François Duvalier

From Wikipedia, the free encyclopedia
  (Redirected from Francois Duvalier)
Jump to: navigation, search
François Duvalier
Duvalier (cropped).jpg
40th President of Haiti
In office
22 October 1957 – 21 April 1971
Preceded by

Antonio Thrasybule Kébreau (Chairman of the Military Council)

Succeeded by Jean-Claude Duvalier
Minister of Public Health and Labor
In office
14 October 1949 – 10 May 1950
President Dumarsais Estimé
Preceded by Antonio Vieux (Public Health)
Louis Bazin (Labor)
Succeeded by Joseph Loubeau (Public Health)
Emile Saint-Lot (Labor)
Undersecretary of Labor
In office
26 November 1948 – 14 October 1949
President Dumarsais Estimé
Personal details
Born (1907-04-14)14 April 1907
Died 21 April 1971(1971-04-21) (aged 64)
Nationality Haitian
Political party National Unity Party[1][2]
Spouse(s) Simone Duvalier
Relations Francesca Foucard Saint-Victor
Children Marie‑Denise Duvalier
Nicole Duvalier
Simone Duvalier
Jean-Claude Duvalier
Alma mater University of Haiti (MD)
Occupation Physician
Religion Vodou, excommunicated Catholic

François Duvalier (French pronunciation: ​[fʁɑ̃swa dyvalje]; 14 April 1907 – 21 April 1971), also known as Papa Doc, was the President of Haiti from 1957 to 1971.[3] He was elected president in 1957 on a populist and black nationalist platform and successfully thwarted a coup d’état in 1958. His rule, based on a purged military, a rural militia known as the Tonton Macoute, and the use of cult of personality, resulted in the murder of 30,000 to 60,000 Haitians and the exile of many more.[3]

Prior to his rule, Duvalier, who was a physician by profession, was known for successfully fighting diseases and acquired the nickname “Papa Doc”. He took the title of President for Life in 1964 and remained in power until he died in 1971. He was succeeded by his son, Jean‑Claude, who was nicknamed “Baby Doc”.[4]

Early life and career[edit]

Duvalier was born in Port-au-Prince in 1907, son of Duval Duvalier, a justice of the peace, and baker Ulyssia Abraham.[8] His aunt, Madame Florestal, raised him.[6]:51 He completed a degree in medicine from the University of Haiti in 1934,[9] and served as staff physician at several local hospitals. He spent a year at the University of Michigan studying public health[6]:53 and in 1943, became active in a United States-sponsored campaign to control the spread of contagious tropical diseases, helping the poor to fight typhus, yaws, malaria and other tropical diseases that had ravaged Haiti for years.[9] His patients affectionately called him “Papa Doc”, a moniker that he used throughout his life.[10]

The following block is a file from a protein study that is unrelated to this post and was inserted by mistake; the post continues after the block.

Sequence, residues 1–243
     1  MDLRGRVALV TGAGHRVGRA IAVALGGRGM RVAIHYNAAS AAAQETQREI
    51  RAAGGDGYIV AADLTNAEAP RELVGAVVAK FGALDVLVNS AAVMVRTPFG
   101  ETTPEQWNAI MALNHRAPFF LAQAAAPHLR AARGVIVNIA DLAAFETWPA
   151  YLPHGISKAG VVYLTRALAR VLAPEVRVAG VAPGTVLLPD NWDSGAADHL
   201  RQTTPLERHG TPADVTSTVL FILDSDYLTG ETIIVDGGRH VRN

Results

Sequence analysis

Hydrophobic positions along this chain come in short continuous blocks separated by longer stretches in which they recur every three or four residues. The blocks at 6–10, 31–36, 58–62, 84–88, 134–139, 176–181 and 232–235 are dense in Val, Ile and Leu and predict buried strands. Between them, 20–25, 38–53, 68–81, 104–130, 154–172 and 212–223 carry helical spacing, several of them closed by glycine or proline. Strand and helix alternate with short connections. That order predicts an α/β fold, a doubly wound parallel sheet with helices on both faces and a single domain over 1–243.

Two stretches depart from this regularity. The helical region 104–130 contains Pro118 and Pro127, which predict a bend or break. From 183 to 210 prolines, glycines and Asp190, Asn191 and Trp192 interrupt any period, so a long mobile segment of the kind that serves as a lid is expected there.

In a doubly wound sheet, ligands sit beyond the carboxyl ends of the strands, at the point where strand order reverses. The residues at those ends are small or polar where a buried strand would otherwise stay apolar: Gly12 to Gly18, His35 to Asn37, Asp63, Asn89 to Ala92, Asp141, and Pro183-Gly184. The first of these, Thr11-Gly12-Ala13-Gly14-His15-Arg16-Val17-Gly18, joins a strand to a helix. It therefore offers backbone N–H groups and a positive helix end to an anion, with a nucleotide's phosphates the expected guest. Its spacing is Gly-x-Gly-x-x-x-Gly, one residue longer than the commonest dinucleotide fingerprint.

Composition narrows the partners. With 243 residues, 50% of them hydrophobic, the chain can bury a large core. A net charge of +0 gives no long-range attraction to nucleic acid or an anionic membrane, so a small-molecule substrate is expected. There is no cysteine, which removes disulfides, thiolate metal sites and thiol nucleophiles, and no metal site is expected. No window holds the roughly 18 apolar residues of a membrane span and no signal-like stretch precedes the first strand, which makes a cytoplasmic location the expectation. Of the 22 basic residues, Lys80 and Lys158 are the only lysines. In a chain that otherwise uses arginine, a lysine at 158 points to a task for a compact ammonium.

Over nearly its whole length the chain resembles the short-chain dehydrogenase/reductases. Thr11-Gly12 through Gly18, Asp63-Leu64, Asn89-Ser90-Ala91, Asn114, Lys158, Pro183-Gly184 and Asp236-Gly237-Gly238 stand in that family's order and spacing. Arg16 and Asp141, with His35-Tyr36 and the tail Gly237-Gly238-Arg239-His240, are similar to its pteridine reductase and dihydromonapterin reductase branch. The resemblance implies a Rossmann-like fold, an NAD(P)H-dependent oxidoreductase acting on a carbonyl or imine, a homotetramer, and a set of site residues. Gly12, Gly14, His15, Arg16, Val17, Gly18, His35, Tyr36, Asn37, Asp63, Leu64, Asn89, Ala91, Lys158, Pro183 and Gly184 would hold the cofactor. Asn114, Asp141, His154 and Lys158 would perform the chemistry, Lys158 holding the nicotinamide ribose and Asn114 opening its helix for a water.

The United States occupation of Haiti, which began in 1915, left a powerful impression on the young Duvalier. He was also aware of the latent political power of the poor black majority and their resentment against the tiny mulatto elite.[11] Duvalier supported Pan-African ideals,[12] and became involved in the négritude movement of Haitian author Jean Price-Mars, both of which led to his advocacy of Haitian Vodou,[13] an ethnological study of which later paid enormous political dividends for him.[11][14] In 1938, Duvalier co-founded the journal Les Griots. In 1939, he married Simone Duvalier (née Ovide), with whom he had four children: Marie‑Denise, Nicole, Simone, and Jean‑Claude.[15]

Political rise[edit]

In 1946, Duvalier aligned himself with President Dumarsais Estimé and was appointed Director General of the National Public Health Service. In 1949, he served as Minister of Health and Labor, but when Duvalier opposed Paul Magloire’s 1950 coup d’état, he left the government and resumed practicing medicine. His practice included taking part in campaigns to prevent yaws and other diseases. In 1954, Duvalier abandoned medicine, hiding out in Haiti’s countryside from the Magloire regime. In 1956, the Magloire government was failing, and although still in hiding, Duvalier announced his candidacy to replace him as president.[6]:57 By December 1956, an amnesty was issued and Duvalier emerged from hiding,[16] and on 12 December 1956, Magloire conceded defeat.[6]:58

The two frontrunners in the 1957 campaign for the presidency were Duvalier and Louis Déjoie, a landowner and industrialist from the north. During their campaigning, Haiti was ruled by five temporary administrations, none lasting longer than a few months. Duvalier promised to rebuild and renew the country and rural Haiti solidly supported him as did the military. He resorted to noiriste populism, stoking the majority Afro-Haitians irritation by being governed by the few mulatto elite, which is how he described his opponent, Déjoie.[5]

François Duvalier was elected president on 22 September 1957 in the quietest and fairest election in Haiti’s history. Duvalier received 679,884 votes to Déjoie’s 266,992.[17] Even in this election, however, there are multiple first-person accounts of voter fraud and voter intimidation.[6]:64


Consolidation of power[edit]

After being elected president in 1957, Duvalier exiled most of the major supporters of Déjoie[18] and had a new constitution adopted that year.[10]